Many years ago I wrote about a group of preschoolers who enjoyed playing their version of I Spy. My current group of preschoolers has also developed their own adaptation of the game but for them it is location/time specific – they will only play it when they are sitting at the table before, during or after meals.
In my schedule as meal time approaches I take the infants/toddlers out of the playroom one at a time so I can change diapers, wash hands, and get them seated before I do the final food prep. I expect that the three and four-year-old children will want to continue playing during this time so I don’t request that they start cleaning. However, they anticipate the routine and rush to put their toys away so they can come to the table.
Children: “The toys are cleaned up, can we come to the table now?”
Me: “The food is not ready and I still have diapers to change. You have more time to play if you want to”.
Children: “We want to come to the table and play I Spy”.
Me: “You could play I Spy in the playroom too”.
Children: “We like to play at the table”.
So, I send them to wash their hands and then play I Spy as they wait for me to finish preparing snack/lunch. It goes something like this;
Child 1: I spy something that is Cheryl’s chair.
Child 2: CHERYL’S CHAIR!
Child 1: That’s right! Now it is your turn.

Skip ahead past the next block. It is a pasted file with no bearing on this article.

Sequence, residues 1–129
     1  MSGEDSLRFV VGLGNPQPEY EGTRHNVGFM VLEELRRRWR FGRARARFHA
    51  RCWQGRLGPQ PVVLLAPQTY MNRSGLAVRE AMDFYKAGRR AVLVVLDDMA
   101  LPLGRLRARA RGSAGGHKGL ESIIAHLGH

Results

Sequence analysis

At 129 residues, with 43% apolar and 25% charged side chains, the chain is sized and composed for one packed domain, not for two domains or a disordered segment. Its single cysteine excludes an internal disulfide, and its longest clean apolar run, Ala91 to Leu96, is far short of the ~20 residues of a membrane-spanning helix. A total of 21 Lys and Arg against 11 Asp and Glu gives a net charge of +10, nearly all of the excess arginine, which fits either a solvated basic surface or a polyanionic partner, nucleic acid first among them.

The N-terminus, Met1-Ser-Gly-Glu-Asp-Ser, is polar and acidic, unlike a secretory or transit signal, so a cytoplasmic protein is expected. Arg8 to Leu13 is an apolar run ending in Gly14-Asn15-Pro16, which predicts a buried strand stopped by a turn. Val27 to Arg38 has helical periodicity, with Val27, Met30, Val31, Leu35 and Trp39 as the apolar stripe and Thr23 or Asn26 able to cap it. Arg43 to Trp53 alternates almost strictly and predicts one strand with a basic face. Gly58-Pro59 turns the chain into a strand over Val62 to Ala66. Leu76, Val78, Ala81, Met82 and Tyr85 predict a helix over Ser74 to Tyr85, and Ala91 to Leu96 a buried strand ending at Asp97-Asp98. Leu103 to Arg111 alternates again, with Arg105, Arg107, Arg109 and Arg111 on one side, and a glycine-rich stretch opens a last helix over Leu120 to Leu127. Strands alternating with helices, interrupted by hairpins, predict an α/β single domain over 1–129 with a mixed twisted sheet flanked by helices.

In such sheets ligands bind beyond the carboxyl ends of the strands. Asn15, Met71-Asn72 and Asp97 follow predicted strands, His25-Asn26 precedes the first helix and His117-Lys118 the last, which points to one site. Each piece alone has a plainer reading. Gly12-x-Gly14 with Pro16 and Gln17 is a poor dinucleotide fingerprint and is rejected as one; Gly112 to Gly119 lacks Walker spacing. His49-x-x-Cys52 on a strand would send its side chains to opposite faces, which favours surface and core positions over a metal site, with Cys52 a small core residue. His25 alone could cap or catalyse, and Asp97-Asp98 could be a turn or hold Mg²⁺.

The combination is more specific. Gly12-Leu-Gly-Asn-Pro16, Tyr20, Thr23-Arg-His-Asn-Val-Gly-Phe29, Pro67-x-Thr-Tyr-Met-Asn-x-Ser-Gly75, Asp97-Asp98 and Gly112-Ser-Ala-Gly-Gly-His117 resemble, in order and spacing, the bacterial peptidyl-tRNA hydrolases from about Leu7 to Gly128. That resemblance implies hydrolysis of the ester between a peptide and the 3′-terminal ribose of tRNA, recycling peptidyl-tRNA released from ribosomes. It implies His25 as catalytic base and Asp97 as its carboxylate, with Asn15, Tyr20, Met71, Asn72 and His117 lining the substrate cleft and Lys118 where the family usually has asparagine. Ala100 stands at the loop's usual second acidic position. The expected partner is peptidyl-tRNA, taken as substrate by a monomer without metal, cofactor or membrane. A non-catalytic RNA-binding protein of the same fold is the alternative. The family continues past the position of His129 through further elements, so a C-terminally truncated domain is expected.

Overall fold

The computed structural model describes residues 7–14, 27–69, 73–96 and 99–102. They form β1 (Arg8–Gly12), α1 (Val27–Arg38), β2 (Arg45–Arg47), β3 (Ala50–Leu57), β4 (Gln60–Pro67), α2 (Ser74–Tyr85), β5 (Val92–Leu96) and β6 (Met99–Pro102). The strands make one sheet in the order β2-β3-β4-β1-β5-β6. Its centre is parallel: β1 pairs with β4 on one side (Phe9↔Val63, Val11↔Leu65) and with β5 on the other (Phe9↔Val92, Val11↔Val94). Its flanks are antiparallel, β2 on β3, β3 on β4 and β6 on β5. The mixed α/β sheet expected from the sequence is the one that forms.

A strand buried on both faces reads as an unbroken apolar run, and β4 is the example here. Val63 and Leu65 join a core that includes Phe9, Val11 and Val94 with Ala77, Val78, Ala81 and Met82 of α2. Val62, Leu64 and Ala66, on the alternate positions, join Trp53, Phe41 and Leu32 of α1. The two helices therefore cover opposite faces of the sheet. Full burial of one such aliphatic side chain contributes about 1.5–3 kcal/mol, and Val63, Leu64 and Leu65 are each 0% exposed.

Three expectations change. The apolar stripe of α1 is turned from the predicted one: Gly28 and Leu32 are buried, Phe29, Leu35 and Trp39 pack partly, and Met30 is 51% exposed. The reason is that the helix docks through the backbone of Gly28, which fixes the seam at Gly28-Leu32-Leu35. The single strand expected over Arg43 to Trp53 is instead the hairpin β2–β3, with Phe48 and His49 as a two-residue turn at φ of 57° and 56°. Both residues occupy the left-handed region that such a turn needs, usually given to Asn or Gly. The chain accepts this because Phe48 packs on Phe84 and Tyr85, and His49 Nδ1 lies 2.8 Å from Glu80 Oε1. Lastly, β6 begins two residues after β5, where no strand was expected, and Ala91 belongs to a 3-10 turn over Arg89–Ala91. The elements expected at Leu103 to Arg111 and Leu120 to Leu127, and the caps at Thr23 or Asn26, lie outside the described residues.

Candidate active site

Child 3: Cheryl’s chair is black, you were supposed to say ‘I spy something black’.
Child 1: There are lots of black things, I spied Cheryl’s chair.
Child 2: My turn, my turn, MY TURN! I spy something that is brown and pink and blue, and green, and gold.
Child 3: AWWCK! That’s too many colours!
Child 2: No it’s not, look at that pillow – it is brown and pink and blue, and green, and gold – see.
Child 3: OK fine, my turn. I spy something that is on that shelf.
Child 1: The shelf by the window?
Child 3: No, not that shelf, the one that is over there by that other thing – beside the curtain.
Child 2: The birdhouse, the pencil, the phone, the book, the paper, the candle, the…
Child 3: That’s right!
Child 1: Which one was it?
Child 3: Umm, the book I think.
I don’t actually think there are any ‘wrong’ answers when they play this game – the turn taking seems to be their main goal. Their language and communication skills are what interest me. Inevitably, no matter how quickly I try to get lunch ready, the excitement level will become far to high and I will have to intervene to remind them about volume and activity level before I can put food on the table. Even once the food is ready the I Spy game usually continues.
Occasionally when the school-age children are here they join in, and sometimes they manage to briefly follow the preschoolers directions. Often they try to enforce alternate rules but the preschoolers just dismiss the new rules and carry on. The little ones enjoy having the older children play along but it is ultimately ‘their’ game and they are not interested in changing it. Just take your turn and carry on.